Archives for category: festivals

A month ago I volunteered at the Texas Book Festival. As an author escort, I met several authors and listened to their talks. My favorite event was with Eimear McBride, author of the prize-winning novel A Girl Is a Half-Formed Thing, and Elizabeth McCracken, whose recent collection Thunderstruck & Other Stories is highly regarded.

I bought the last available copy of A Girl at the festival, but I haven’t had a chance to dig into it yet. I’m feeling a little intimidated by it because reviewers (all of whom seem to love the novel) mention Joycean influence (please let it not be as hard to read as Ulysses, which defeated me) and also compare the writing to Faulkner’s. I think it’s an easy comparison based on the fact that McBride employed a difficult stream-of-consciousness style. But more about that book once I’ve read it.

McBride had a hard time getting the book published. She tried for years before giving up. When it did happen, it was via a local bookseller who was starting his own press. He asked to read her manuscript after a casual conversation with McBride’s husband, who mentioned that his wife had a fantastic manuscript that no publisher was willing to take on. I was so impressed by her story and by the initiative of the bookseller that I began wondering about local indie publishers in general. So I researched and found several indie publishers in Austin that I didn’t know before.

A Strange Object caught my interest as they focus on “surprising, heartbreaking fiction.” Sounds promising. Their most recent title, Our Secret Life in the Movies, was released in October and has received rave reviews. I’m ordering it and can’t wait to read it.

Foxing Quarterly publishes a literary and arts journal that also seems worth checking out. I love that they include a variety of genres and modes of expression. Writers take note: they are accepting unsolicited manuscripts.

Timber Mouse Publishing focuses on spoken word poetry: “Our goal is to promote and give voice to the latest and finest artists of spoken word poetry by building a community to print books, cut records, promote . . . ” They help host and promote some great literary events around town. They also are accepting manuscripts.

Are there indie publishers in your town? Please share in the comments. I’d love to check out their offerings.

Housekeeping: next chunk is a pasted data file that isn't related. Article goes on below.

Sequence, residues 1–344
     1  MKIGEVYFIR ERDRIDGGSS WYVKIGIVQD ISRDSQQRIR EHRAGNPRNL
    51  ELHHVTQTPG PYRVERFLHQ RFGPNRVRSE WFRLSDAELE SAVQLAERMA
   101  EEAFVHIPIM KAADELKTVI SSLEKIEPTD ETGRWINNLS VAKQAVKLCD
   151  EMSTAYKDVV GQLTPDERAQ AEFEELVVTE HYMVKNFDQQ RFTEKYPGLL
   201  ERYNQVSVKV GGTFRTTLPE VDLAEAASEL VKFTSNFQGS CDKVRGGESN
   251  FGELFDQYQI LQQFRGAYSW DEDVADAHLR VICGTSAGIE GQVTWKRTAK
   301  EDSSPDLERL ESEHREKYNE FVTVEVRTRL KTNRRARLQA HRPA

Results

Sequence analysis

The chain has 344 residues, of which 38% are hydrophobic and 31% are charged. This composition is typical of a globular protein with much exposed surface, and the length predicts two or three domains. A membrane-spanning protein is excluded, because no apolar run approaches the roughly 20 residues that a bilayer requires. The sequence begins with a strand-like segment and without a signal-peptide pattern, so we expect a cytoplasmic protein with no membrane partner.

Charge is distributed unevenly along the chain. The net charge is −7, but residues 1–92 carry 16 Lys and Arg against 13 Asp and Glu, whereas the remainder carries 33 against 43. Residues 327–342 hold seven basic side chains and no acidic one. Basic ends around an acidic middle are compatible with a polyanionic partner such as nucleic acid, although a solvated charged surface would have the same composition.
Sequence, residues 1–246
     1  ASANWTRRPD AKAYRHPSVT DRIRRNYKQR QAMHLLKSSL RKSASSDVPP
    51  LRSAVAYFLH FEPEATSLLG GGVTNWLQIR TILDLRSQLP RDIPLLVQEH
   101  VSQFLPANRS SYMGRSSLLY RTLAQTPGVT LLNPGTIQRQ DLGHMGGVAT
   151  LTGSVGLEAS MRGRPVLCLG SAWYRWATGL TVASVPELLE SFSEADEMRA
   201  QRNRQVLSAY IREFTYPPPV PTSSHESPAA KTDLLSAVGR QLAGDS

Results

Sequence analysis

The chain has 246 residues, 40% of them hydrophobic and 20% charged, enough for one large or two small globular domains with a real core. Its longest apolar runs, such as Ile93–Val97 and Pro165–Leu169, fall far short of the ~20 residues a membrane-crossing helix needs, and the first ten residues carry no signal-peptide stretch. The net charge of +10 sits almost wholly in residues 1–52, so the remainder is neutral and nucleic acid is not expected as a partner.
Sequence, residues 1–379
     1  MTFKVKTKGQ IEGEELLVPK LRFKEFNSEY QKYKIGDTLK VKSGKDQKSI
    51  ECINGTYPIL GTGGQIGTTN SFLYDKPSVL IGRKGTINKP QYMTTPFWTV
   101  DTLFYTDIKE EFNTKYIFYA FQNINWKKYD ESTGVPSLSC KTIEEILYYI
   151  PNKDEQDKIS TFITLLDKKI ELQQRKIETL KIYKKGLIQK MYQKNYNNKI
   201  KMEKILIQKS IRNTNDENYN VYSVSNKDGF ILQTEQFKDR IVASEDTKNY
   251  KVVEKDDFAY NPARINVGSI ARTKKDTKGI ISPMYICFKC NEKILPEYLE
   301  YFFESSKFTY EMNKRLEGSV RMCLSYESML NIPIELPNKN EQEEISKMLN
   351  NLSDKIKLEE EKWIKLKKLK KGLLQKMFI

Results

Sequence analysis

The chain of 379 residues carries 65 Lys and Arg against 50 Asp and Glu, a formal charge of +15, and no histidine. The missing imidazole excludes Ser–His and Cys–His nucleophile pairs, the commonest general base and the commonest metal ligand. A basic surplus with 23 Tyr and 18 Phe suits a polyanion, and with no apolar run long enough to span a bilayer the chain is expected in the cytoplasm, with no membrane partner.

Artprize! I’ve been hearing about this art festival for several years, and I made a last-minute trip to Grand Rapids, Michigan in mid-October to catch the end of it. It was a great time! There were impressive works on display, including paintings, sculptures, music, installations, and even some interactive exhibits. There was one piece that had live bees in it! The artist had mounted paintings in a huge glass box. On the paintings, he painted sugar water, which the bees consumed and used to build hives and honeycombs in the installation. That’s something you don’t see every day.

This year Artprize had about 1,200 artworks on display in venues across downtown Grand Rapids, from the city’s art museum to tiny coffee shops. It seemed like nearly every business downtown had registered as a venue and arranged an exhibit. It really is amazing, and it draws some great artists, because the top cash prizes are $200,000 each (one public vote, one juried). And there are several other cash prizes as well. I could go on and on about it, but instead, I’ll share a few photos (regrettably poor ones–sorry!)

Tesserae by Michael Kellner

Tesserae by Michael Kellner

Gun Country by Michael Murphy

Gun Country by Michael Murphy

Intersections by Anila Quayyum Agha

Intersections by Anila Quayyum Agha

Self-Portrait as Bunnies (The Bather) by Alex Podesta

Self-Portrait as Bunnies (The Bather) by Alex Podesta

This piece is a carved wood sculpture. No stains or paints were used; the woods used were naturally those colors!

This piece is a carved wood sculpture. No stains or paints were used; the woods used were naturally those colors!

Japanese papercut by Solo + Kojima

Japanese papercut by Solo + Kojima